It is true that, before this new law, the War Crimes Act criminalized any conduct that constituted a violation of CA3. But the statute never defined the specific conduct that would have constituted a criminal act, and was arguably, therefore, overly vague. Our review of CA3 led us to the view that certain of the Article’s prohibitions – including the vague prohibition against “outrages upon personal dignity” – were simply too poorly defined and understood to provide a basis for prosecution. Indeed, it is difficult to imagine Congress enacting a federal offense to make it a crime to subject a federal inmate to an “outrage on personal dignity” – but the War Crimes Act, before its amendment, had a comparable effect in armed conflict scenarios. Perhaps because of the absence of clarity, the U.S. government never prosecuted anyone under that statute, even those who committed war crimes against U.S. forces. By providing clear definitions of criminal conduct, we have made the War Crimes Act a more effective tool for prosecuting war crimes in the future.

Of course, any activity that violates CA3, including “outrages upon personal dignity” and the prohibition against the passing of a sentence without previous judgment pronounced by a regularly constituted court, even if not a war crime, still is prohibited, may violate other criminal laws, and would be subject to administrative or other penalties. The Military Commissions Act confirms that cruel, inhuman, and degrading treatment is a violation of CA3, which is absolutely prohibited under U.S. law, and contemplates that the President may issue further interpretations of what constitutes violations of that provision. The Act therefore does not alter our treaty obligations in any way.

Finally, just a word about the Supreme Court’s decision in Hamdan as it relates to CA3. I think the Court’s decision took a number of international lawyers by surprise in holding that CA3 applied to the conflict with al Qaida as a matter of treaty law. Had the Court concluded that CA3 applied as a matter of customary international law, it might have been less surprising, as many commentators have reached this conclusion (although, such a finding probably would not have been dispositive in the Hamdan litigation itself). But given the text of the Article, it was reasonable for the President to have determined in February 2002 that, as a treaty law matter, CA3, which applies to armed conflict “not of an international character” occurring “in the territory of one of the High Contracting Parties,” applied only to armed conflicts that occurred in the territory of a single state. Indeed, the Israeli Supreme Court has just concluded in the Public Committee against Torture case that Israel’s conflict with terrorist organizations – that is, a conflict that is not literally between nations – nevertheless is an international armed conflict, not a conflict to which CA3 applies. Pictet too describes the conflicts referred to in CA3 as armed conflicts that are “in many respects similar to an international war, but take place within the confines of a single country.” The conflict with al Qaida, which has taken place both inside and outside the United States, does not meet that description. The United States, of course, has complied and will continue to comply with the Supreme Court’s decision in Hamdan, but I raise this simply to note that, before that decision, many believed that CA3 applied as a treaty law matter only to internal armed conflicts.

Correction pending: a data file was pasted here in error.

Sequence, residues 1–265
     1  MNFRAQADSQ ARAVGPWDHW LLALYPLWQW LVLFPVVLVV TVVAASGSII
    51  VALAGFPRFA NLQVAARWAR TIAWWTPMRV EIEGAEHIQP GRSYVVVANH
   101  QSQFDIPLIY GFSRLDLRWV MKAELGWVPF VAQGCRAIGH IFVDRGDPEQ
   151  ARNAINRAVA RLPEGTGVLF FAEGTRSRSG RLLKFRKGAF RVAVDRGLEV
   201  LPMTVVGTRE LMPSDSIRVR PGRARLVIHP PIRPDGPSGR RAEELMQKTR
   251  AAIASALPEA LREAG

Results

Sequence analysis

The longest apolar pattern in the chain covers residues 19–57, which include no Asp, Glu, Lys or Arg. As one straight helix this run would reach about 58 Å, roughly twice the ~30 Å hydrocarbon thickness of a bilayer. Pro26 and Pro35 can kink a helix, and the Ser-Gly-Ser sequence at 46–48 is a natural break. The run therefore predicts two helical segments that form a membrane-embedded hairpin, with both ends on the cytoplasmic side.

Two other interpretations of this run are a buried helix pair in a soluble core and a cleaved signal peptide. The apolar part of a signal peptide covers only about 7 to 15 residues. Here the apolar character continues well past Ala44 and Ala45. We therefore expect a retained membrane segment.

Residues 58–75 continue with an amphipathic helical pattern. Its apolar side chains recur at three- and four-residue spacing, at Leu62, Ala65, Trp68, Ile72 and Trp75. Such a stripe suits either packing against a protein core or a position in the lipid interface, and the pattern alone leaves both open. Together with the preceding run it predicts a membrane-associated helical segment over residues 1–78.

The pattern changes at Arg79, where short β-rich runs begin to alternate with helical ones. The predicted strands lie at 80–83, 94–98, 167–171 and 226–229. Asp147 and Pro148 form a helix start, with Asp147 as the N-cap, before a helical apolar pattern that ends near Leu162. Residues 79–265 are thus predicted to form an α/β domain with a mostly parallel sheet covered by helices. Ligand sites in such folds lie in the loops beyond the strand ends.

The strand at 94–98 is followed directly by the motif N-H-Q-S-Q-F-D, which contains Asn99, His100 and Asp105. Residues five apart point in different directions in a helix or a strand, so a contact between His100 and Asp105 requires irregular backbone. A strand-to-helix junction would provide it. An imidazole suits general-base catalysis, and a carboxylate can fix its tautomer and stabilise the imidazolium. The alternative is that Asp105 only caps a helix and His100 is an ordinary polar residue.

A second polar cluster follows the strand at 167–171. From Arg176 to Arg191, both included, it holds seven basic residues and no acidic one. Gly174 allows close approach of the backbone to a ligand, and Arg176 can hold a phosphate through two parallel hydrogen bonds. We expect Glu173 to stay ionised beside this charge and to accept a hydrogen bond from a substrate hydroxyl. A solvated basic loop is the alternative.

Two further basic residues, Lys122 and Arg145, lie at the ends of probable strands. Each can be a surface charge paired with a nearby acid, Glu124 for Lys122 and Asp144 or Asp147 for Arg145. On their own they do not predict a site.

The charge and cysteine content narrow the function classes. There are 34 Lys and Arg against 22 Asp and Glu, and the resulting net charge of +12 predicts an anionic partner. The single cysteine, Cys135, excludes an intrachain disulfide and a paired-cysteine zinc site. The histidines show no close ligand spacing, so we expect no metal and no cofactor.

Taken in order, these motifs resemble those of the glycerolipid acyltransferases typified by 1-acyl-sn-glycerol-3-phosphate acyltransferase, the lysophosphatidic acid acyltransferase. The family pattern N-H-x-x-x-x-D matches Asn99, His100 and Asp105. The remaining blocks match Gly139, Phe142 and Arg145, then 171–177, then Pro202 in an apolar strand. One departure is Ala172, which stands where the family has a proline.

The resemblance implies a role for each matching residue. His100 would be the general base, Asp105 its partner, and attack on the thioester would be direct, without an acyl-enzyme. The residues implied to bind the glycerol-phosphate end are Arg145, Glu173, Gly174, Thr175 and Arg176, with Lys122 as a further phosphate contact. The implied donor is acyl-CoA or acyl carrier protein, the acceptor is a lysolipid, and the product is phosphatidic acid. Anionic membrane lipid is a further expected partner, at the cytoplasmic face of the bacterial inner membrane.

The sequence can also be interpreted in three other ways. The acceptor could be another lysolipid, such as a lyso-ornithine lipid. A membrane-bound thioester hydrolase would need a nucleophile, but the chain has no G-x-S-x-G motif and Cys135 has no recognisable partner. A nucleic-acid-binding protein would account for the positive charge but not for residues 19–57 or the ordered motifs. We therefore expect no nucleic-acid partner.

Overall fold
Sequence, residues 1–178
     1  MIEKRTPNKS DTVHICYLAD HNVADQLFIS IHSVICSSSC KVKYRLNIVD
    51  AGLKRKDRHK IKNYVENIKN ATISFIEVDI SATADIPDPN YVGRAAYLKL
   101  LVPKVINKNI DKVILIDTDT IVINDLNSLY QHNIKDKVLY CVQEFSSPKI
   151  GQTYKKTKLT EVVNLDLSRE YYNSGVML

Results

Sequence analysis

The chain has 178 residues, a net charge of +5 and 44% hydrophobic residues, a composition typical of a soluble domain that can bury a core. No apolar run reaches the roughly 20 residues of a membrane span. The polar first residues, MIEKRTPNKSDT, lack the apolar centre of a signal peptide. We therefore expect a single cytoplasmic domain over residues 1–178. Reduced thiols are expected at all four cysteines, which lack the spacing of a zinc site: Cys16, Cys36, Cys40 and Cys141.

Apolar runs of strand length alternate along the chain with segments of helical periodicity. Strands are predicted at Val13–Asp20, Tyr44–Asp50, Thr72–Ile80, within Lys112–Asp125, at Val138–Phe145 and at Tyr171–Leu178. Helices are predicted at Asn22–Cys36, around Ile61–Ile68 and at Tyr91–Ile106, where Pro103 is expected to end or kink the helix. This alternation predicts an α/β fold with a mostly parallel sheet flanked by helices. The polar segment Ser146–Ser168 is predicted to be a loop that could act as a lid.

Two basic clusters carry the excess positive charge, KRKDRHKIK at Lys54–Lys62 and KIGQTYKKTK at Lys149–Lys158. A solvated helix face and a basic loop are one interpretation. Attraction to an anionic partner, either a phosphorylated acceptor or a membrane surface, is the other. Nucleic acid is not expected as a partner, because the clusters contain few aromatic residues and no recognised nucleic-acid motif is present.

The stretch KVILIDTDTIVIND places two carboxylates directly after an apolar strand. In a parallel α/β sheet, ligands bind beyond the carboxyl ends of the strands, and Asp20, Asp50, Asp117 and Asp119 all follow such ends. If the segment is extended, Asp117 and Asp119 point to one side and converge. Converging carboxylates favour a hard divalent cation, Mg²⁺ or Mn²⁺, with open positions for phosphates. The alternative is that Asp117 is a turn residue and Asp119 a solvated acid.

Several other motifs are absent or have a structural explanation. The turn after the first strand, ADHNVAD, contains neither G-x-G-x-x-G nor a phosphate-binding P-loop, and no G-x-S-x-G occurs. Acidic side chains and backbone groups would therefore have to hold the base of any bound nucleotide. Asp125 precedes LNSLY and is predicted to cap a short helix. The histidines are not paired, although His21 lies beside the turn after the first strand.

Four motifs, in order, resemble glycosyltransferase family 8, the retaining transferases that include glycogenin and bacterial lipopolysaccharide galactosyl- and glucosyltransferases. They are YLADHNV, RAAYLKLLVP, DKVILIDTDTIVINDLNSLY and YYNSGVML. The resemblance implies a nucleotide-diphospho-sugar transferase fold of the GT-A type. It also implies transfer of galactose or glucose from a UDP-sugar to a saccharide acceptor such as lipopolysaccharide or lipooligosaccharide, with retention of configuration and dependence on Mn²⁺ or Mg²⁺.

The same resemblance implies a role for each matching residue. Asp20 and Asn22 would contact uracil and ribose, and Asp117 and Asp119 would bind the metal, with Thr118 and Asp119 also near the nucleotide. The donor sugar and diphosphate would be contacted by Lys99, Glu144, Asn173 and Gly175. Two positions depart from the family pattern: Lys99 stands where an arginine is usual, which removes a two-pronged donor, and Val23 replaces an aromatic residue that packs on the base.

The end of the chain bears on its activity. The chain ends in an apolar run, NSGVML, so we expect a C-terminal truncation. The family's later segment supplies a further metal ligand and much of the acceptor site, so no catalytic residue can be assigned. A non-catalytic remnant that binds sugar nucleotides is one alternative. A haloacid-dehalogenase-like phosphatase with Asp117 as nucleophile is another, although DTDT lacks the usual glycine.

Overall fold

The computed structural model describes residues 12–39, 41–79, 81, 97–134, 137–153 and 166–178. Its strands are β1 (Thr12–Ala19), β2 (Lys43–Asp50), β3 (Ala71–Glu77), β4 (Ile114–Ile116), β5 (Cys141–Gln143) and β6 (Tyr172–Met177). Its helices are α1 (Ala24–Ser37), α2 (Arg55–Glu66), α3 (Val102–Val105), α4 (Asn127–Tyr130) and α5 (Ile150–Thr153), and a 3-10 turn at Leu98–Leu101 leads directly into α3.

Armed Conflict With Al Qaida: A Reply

by Eric Posner

[Opinio Juris welcomes Professor Eric Posner as a guest respondent. Professor Posner is Kirkland and Ellis Professor of Law at the University of Chicago.]

Thanks to Roger for asking me to write a reply to John Bellinger’s post.

I’m going to ask—even though I suspect that John will decline to answer—what is at stake in this argument. The Bush administration wants maximum flexibility in dealing with al Qaida, and understandably. What are the possible constraints? They are all familiar—the U.S. Constitution, Congress, domestic public opinion, foreign public opinion, foreign governments, and so forth. Everyone understands how these factors constrain and shape the American response to al Qaida. Another such constraint is international law. International law is spongy material, however, and it can be interpreted narrowly or broadly. The critics advance broad interpretations, interpretations that would require the U.S. government to grant rights to members of al Qaida that could interfere with anti-terror operations. The U.S. government, consistent with its goal of maximizing its flexibility, prefers the narrowest possible interpretation. As John takes pains to suggest, this does not mean that the U.S. will necessarily use the most aggressive measures available; but it does mean that those measures will always be an option.

The narrowest possible interpretation is, of course, that international law does not apply at all: the U.S. can do what it wants. Members of the Bush administration apparently considered this possibility at one time but the U.S. government has not officially adopted it. Let’s call this the “null position.” It could, for example, have argued that the international laws of war developed prior to al-Qaida-style international attacks, and cannot be considered applicable to them. We can imagine that if the Bush administration had adopted the null position, this would have provoked outrage and concern around the world. But perhaps this outrage and concern would have been worth incurring, because the advantages of being unconstrained greatly exceeded the costs. The outrage and concern would have died out as they always do, but the security benefits would have remained.